HDTV Buying Guide:

hdtv

With Memorial Day quickly approaching, people of all ages prepare for their big trip to the lake, beach, swimming pool, or other annual event.  While some people use their day off to relax and officially kick-off the summer, it is also a day filled with retail deals and sales.

And what many people don’t realize is that it is one of the best times of the year to upgrade your television.

As it does in nearly any electronic, the technology in televisions continues to evolve every year.  Luckily, we are here to provide a buying guide to help you get the BEST TV for your home. In this buying guide we will focus on 4 main categories:

Size:

It’s often the biggest argument between couples and families when purchasing a new TV.  How big is really too big?  The Society of Motion Picture and Television Engineers (SMPTE) recommends multiplying the distance away from your television (in inches) by 0.625.  With an average viewing distance of 9 feet (108 inches), this would give a TV size of about 68 inches or a 65/70 in. TV.

TV Type:

After size, the type of TV is typically the largest driver in price.  There are 3 main types of televisions being made today with one more just beginning to hit the market.

  • LCD: These are lit by CCFLs or cold cathode fluorescent lamps.  While they have been surpassed in technology by LEDs, they still exist in lower priced and entry level TV models.
  • LED: The same technology of LCDs, but are lit by LED or light emitting diodes instead. These are typically more power efficient and have a better contrast than LCDs. As we have mentioned in previous articles, LEDs are the future of lighting in nearly any application and are a great TV option.
  • Plasma: An older technology that uses glass panels with millions of tiny cells filled with gases.  Superior to LCD in contrast and color but usually only available in TVs 42 inches and larger.  While these are beginning to be produced less and less, they often provide the best picture quality for the price.
  • OLED: TVs made with Organic Light Emitting Diodes can produce the best picture quality to date and have extremely thin panels.  With this technology just beginning to penetrate the market, OLED TVs are only for consumers with a significant budget to work with.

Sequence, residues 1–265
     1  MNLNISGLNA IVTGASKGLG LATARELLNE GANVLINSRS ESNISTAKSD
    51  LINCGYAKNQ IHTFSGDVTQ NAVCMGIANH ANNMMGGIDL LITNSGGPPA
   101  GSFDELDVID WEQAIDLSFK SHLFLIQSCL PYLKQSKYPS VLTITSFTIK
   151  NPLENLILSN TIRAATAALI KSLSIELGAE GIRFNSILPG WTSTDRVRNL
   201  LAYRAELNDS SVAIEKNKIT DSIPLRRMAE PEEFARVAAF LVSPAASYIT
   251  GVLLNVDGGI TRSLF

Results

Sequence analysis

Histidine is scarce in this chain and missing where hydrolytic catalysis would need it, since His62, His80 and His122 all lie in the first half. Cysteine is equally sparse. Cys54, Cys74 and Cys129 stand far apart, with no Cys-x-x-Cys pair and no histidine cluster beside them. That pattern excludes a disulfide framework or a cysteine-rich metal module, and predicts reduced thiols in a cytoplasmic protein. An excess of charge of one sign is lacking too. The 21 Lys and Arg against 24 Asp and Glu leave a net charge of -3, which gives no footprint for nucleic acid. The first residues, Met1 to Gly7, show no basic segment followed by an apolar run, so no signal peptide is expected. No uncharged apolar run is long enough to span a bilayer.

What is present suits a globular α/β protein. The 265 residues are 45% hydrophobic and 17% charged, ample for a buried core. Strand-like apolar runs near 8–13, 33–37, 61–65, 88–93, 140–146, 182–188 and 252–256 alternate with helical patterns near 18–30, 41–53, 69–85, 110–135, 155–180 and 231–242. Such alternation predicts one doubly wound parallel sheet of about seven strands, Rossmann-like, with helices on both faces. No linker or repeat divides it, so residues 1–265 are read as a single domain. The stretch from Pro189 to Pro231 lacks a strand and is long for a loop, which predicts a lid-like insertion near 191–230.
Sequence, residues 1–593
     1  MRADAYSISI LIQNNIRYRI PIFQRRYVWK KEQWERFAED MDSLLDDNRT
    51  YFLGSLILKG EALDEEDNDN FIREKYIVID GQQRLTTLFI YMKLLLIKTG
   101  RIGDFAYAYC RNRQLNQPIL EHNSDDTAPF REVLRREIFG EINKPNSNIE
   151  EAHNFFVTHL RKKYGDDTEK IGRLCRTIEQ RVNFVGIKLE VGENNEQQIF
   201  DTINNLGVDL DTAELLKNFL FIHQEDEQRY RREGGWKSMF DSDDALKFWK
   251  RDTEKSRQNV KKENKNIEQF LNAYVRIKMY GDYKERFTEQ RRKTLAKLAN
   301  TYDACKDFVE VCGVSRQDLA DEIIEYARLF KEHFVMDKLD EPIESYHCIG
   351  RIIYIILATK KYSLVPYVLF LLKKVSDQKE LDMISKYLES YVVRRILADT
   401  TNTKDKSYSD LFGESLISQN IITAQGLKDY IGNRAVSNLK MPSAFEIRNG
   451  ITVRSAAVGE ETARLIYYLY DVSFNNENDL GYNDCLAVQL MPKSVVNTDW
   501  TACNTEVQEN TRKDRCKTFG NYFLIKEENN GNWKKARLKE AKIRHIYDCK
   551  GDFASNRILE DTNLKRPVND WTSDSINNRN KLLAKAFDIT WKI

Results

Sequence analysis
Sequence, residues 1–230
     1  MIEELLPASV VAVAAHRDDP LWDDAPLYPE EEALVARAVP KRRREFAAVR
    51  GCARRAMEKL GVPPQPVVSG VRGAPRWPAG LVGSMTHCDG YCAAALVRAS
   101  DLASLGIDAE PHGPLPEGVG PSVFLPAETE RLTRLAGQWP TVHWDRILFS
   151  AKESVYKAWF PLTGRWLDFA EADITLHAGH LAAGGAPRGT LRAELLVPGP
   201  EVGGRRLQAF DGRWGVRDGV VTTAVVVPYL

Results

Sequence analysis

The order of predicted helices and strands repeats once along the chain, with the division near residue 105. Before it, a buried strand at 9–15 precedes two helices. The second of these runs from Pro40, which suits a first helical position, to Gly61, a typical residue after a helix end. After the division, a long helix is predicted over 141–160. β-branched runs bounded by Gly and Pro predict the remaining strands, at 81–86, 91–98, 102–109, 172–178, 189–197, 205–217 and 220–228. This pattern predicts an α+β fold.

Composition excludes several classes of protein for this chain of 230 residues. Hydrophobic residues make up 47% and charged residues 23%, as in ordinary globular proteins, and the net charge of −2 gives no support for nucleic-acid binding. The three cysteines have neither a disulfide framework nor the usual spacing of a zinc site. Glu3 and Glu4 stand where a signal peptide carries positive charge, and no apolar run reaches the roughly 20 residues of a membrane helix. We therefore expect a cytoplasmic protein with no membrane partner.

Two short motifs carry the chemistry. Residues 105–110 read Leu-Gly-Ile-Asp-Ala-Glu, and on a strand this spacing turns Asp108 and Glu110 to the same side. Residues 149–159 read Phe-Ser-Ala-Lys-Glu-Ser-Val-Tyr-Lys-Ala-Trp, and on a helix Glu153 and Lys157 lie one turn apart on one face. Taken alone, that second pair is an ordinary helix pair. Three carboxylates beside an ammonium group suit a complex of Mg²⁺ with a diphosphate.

Resolution:

  • HDTV: Most televisions today are sold as High-Definition TVs.  The range of anywhere from 720-1080 refers to the number of vertical pixels along the television.  The letter i or p that follows the number refers to either interlaced or progressive scanning.
  • Traditionally progressive is better than interlaced and the difference from 720 to 1080 depends on your viewing distance.  If you sit further away from your television, you likely wont notice while those who prefer to sit close to their television may be able to see the difference between the two.

Other Options:

  • Smart TV: Adding the Smart TV option can be a nice addition with the added “apps”.  However, these features can easily be supplemented by a device such as a Roku, Apple TV, or game system.  If you plan on having one of these devices connected, a Smart TV may not be needed.
  • Thickness: Depending on the location of the television, the panel thickness can be very important.  Planning on mounting it on your wall or above the fireplace? A thin panel TV is likely preferred to save space and weight.  Already have an entertainment center for the TV? You may be able to save some money by buying a thicker paneled TV.
  • # of HDMI Ports:  If you plan on having multiple devices hooked up to your television, make sure that you buy a TV with multiple HDMI inputs.  But don’t be fooled by the salesman’s pitch on expensive HDMI cables and remember that All HDMI Cables Are Identical.
  • Other Advertising Numbers:  Don’t be misled by many of the other advertising numbers such as aspect ratio, speed, and color options.  While these may provide some difference between the televisions, there are very few regulations around these claims and they can mean very different things depending on the manufacturer/brand.

After determining which size, type, and features you need in your new TV, it always recommended to read online reviews to ensure your potential television passes not just the specification test, but also the visual and home tests.

 

Do you have any other questions about televisions and their differences?  What do you look for in a new TV?  Let us know!

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